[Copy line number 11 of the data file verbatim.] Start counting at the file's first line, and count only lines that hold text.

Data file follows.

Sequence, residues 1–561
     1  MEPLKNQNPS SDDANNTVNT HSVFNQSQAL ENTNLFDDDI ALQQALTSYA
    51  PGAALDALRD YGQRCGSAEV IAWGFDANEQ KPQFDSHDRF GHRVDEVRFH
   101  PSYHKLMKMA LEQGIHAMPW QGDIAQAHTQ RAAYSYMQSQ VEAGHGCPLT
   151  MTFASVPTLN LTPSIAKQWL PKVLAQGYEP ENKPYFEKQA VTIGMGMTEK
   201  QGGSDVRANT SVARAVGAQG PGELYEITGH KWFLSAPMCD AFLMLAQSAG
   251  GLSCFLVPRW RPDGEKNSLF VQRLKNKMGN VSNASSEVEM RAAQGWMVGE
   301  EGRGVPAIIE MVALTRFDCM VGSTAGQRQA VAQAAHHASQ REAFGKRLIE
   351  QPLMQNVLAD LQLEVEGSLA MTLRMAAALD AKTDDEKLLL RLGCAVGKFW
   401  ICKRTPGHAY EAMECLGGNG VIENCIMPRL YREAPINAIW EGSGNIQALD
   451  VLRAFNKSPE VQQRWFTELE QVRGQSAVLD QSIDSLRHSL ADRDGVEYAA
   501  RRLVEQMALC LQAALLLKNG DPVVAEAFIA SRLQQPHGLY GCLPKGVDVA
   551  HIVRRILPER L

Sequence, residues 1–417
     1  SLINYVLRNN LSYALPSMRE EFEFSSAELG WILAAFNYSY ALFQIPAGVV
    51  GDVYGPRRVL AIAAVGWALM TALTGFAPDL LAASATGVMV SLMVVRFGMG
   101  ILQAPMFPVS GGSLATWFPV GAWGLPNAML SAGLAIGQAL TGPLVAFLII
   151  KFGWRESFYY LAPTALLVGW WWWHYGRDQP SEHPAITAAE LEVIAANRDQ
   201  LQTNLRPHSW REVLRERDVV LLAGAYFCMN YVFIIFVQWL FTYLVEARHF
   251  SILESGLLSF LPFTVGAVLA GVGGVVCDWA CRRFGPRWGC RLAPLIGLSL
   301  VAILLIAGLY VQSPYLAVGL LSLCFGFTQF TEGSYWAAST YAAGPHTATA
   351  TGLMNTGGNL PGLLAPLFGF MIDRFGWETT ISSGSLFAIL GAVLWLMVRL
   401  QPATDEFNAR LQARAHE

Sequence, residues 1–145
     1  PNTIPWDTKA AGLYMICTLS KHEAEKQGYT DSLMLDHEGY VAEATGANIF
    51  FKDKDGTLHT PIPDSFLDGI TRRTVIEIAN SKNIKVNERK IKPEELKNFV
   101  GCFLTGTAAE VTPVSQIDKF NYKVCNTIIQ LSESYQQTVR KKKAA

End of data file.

   451  VLRAFNKSPE VQQRWFTELE QVRGQSAVLD QSIDSLRHSL ADRDGVEYAA